Waits has much more to him than football. Whilst he plays it with students and local Zhangye folk, he can often be found strumming his guitar. A few renditions of Blue Moon have been heard over the years. And, in recent years he has welcomed Amos to his family alongside Mrs Waits. The family can enjoy tales of how Waits was raised on a cavalry base by his mother and father. They can discover their Sichuanese heritage, without taking a panda! Whilst Waits asked more questions, than I asked him, when he spoke, he spoke in an articulated way about all manner of things. I learned about Zhangye’s three Buddha statues. One standing, one crouching (tired) and one resting.
One thing, I can say about Waits is that his English is fantastic. He asked me, “What do you think of my English accent?” I think I hurt him, with my joking response, “It sounds Chinese.” In actual fact, his English is very clear and follows a British tone similar to that found on Downton Abbey and other TV drama shows set in England. I probably have only met a dozen Chinese-born people who have such a great spoken English accent. Obviously, Waits is not speaking Mancunian-nasal tones but his heart is definitely in it! Innit.
Ode to Hart
Time, flows in passing days, Memories, flashes now and then, And my tears, reluctantly falling, Falling like I’m faking falsely by no means.
No more you on the pitch No more your passion, your shouting and your encouragement No more your commitment, no more your fighting, your joy and regret Because I know, gone is gone Like your waving to us Your clapping, and your farewell words
“We are all grown man, we get over with it.” Happy 30th, my HART. Happy everyday It’s not something I won’t let go It’s you.
They may forget, but I won’t They may laugh, and I won’t Neither will I forget nor will I laugh I will keep it in my heart and keep you my SOUL AND HART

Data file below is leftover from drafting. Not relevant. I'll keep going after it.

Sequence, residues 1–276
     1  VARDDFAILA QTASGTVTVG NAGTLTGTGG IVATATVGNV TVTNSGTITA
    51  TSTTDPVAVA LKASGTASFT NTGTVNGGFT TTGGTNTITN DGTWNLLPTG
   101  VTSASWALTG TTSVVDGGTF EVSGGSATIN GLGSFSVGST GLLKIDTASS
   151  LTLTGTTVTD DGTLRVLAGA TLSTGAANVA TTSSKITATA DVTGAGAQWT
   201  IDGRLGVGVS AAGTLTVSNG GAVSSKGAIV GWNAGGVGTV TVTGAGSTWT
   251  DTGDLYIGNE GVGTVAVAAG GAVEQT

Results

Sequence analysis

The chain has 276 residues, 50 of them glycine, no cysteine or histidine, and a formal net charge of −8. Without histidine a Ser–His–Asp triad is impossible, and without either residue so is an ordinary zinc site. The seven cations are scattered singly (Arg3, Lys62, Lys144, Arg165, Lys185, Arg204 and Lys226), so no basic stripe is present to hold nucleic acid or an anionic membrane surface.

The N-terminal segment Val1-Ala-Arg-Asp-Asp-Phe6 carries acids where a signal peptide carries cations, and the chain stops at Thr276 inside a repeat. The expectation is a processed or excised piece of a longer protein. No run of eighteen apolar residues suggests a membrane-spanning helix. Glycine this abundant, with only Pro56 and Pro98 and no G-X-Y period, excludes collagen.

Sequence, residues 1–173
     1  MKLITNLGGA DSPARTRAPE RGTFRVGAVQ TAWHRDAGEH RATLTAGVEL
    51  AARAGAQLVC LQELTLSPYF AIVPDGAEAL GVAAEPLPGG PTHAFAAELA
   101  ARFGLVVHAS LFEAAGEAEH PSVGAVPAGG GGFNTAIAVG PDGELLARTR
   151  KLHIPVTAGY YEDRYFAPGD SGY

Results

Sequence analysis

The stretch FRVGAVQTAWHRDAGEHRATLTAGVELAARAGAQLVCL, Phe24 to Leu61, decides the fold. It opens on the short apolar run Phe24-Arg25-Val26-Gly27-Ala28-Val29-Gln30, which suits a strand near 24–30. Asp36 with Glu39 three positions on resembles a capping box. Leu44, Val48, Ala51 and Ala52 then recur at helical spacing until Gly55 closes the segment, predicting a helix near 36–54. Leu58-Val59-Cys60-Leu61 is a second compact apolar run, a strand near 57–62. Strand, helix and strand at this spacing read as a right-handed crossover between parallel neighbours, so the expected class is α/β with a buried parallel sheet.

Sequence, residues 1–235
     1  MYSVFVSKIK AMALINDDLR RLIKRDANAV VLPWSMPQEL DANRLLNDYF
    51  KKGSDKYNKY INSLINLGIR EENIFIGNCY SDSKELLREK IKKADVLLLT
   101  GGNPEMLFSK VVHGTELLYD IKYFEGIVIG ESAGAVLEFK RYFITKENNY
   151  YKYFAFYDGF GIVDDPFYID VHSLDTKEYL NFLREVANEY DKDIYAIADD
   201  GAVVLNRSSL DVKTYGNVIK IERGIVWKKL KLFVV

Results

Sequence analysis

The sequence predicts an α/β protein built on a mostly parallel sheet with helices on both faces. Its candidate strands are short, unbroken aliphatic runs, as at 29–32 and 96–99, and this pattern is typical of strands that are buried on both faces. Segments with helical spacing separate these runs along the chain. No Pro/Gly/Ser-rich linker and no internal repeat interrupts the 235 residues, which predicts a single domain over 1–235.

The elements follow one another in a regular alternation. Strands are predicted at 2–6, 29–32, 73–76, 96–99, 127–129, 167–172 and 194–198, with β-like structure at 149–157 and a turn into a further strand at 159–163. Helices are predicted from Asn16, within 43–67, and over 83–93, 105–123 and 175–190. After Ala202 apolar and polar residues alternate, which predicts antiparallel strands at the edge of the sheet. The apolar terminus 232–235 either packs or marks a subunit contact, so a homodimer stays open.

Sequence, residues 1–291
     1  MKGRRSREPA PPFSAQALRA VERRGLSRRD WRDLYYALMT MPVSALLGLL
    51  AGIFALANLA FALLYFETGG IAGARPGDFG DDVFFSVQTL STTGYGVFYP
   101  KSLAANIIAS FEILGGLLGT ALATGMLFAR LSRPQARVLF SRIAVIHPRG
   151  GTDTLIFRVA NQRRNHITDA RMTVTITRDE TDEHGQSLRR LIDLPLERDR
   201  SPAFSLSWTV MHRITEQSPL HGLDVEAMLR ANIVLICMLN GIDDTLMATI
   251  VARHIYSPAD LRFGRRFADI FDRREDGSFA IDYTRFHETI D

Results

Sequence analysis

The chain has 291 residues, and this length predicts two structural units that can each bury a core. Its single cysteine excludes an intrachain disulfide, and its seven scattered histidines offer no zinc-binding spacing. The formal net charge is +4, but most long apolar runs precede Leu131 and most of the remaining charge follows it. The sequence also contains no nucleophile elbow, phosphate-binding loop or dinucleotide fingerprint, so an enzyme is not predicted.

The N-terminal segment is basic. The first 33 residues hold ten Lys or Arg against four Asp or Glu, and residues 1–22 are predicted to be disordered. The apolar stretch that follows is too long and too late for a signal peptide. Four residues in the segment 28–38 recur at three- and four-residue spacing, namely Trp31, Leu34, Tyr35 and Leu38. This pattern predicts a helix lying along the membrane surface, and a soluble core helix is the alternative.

Waits [April 19th, 2017]
I hope that the next time I see Waits, we can enjoy a good old chinwag and I’ll get to know more about him. It was good to hear him talk with enthusiasm about how my Mum with Paul visited him on his trip to Manchester to see his first City game. I liked his response to how a City steward offered him tickets to Old Trafford swamp to see that lot play and he flat out refused, pointing to his badge. Pride in battle indeed. Until next time I meet Waits, I consider him a great friend and a wonderful person to know (with great English).
你为什么追随曼城？Why do you follow Manchester City?
你最深刻的曼城记忆是什么？What’s your favourite Manchester City memory?
你最钟情的曼城球衣是哪几件？What are your favourite Manchester City shirts?
说出你心目中的曼城最佳阵容。Name your all-time Manchester City XI (eleven).
这个赛季最终的结果将会如何？How will this season end?
你去过曼彻斯特吗？如果没有，你梦想去那里旅行吗？Have you been to Manchester? If not, do you dream to travel there?
在中国，你会推荐外国城迷们去哪里参观？他们应该尝尝哪些中国的食物呢？Where do you recommend City fans see in China? What food should they try?
“Rain, rain, rain, a wicked rain Falling from the sky Down, down, down, pouring down Upon the night Well there’s just one chance in a million That someday we’ll make it out alive” – Wicked Rain, Los Lobos
Pluviophile means a lover of rain. I heard that people who identify as lovers of rain are generally down to earth and calm. I’ve even been told that daydreamers and those inclined to imagine are usually associated with that of rain. I’ve never fact checked these matters as I was too busy dreaming.
The beat of the rain droplets finding their way from way up high to land and join their countless companions. Some land on trees. Some impact puddles. Many land and immediately get swept away.
Many days without rain make my heart feel dry and untouched. Rain is my pacemaker. I’m from Manchester, a city with a heart of regular rainfall. I now in Dongguan, a city that gets a fair amount of showers throughout monsoon season. Every drop of life that falls from the sky brings
The energy of the downpour fills me. The damp smell opens my nostrils. It fills my lungs and soaks into my blood. I’m drawn to puddles and want to stamp in them, no matter the cost to my sodden shoes. That’s when I know that running is needed. Not in sun. Not in cold. Not on a dry hot evening blazing with colourful light. No. I choose rain.
It’s been over twenty months since I stepped on the soil of Great Britain. I’m not saying everything is roses and sweet gooseberries but I miss so much about the lands I was raised in. I want to feel the winds off the Irish Sea, the saturating rains of the Lake District, and see the fluffy clouds over the Pennines.